what book value is
It’s another term for shareholders equity, the financial accounting tally of the total amount of money shareholders, as owners have provided management to work with–through purchases of stock from the company and through profits retained in the business. It’s called “book” value because the figure is taken from the company’s accounting books.
We form Ace Investment Advice (AIA) by selling 100,000 new shares to backers at $10 each.
Our balance sheet is simple. We have cash of $1 million on the asset side, no liabilities and net worth (aka shareholders equity or book value) of $1 million, or $10 a share.
Let’s say AIA earns $200,000 in its first year of operation and distributes nothing to shareholders. At the end of the year, net worth/book value is $1.2 million, or $12 a share.
how it’s used
return on equity and management skill
AIA management took $1 million and earned $200,000 with it during the year. That’s a return of 20% (yes, if management earned that money in a linear fashion through the year, the number is slightly lower, but let’s not worry about that refinement here).
I can compare this performance to what the management of similar firms has accomplished to see whether that’s good or bad.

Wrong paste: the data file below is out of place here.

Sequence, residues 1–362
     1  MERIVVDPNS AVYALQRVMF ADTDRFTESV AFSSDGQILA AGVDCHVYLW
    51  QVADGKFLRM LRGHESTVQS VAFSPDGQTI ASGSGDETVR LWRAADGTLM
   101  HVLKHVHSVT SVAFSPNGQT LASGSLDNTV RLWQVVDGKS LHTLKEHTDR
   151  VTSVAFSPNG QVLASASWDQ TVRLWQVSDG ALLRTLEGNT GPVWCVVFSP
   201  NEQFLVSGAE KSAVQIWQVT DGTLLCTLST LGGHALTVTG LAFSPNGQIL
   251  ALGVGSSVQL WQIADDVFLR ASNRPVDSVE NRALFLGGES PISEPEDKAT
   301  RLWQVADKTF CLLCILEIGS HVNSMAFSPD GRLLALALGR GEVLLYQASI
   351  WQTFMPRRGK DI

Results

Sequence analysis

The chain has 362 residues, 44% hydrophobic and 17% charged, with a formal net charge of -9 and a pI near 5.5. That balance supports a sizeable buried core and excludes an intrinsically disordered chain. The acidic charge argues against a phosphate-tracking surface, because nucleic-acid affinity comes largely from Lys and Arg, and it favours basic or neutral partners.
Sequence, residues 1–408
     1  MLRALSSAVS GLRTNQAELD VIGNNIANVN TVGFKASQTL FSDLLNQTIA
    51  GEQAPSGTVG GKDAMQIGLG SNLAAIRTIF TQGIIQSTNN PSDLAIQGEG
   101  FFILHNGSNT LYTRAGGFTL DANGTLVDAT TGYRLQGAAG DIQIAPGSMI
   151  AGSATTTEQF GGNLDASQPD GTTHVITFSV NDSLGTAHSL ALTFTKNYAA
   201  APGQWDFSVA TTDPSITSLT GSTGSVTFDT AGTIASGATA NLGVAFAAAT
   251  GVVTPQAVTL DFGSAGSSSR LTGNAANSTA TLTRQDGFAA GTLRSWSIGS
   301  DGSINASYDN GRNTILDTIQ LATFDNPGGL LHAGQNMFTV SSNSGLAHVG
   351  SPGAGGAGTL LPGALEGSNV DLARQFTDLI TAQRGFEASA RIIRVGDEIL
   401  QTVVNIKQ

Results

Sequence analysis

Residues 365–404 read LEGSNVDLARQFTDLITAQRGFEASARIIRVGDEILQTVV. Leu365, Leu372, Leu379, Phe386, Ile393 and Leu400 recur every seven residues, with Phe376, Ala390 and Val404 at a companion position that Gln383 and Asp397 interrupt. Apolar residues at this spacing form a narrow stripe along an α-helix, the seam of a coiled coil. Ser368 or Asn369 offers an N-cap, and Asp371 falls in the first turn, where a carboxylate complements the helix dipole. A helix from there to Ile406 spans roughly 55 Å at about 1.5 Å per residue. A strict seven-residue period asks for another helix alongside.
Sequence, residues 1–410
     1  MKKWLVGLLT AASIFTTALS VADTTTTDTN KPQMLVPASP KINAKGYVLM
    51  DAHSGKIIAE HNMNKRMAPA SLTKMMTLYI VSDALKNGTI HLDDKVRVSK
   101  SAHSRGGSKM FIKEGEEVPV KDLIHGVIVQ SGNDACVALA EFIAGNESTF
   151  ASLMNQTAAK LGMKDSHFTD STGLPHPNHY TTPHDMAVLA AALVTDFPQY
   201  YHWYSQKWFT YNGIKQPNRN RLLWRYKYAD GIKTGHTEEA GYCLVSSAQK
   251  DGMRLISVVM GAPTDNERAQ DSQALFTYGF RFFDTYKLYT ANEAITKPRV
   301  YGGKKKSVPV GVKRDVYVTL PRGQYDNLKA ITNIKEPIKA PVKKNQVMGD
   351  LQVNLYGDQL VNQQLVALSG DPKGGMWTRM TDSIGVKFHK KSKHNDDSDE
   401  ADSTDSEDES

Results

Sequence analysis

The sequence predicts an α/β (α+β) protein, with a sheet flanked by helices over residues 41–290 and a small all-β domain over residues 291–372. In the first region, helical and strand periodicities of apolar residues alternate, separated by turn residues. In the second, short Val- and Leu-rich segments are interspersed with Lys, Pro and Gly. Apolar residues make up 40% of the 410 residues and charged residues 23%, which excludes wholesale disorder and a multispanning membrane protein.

price to book
I can also compare this performance with that of the managements of all other publicly traded companies, to see if this is a stock I should want to own.
If management is regularly able to achieve a 20% return on the shareholder funds, I probably do want to be a shareholder. And I’m likely to be willing to pay a premium to book value–let’s say 1.5x book, or even 2.0x book– to become one.
On the other hand, if AIA consistently earns a 2% return on shareholder funds, then the stock doesn’t look attractive to me at all, at least not at book value. Maybe I only want to pay 50% of book value for it. And even then I’m probably betting that the board of directors will find better management to run the firm or that an acquirer will be attracted by the discount to book value and make a bid to take it over.
More on Monday.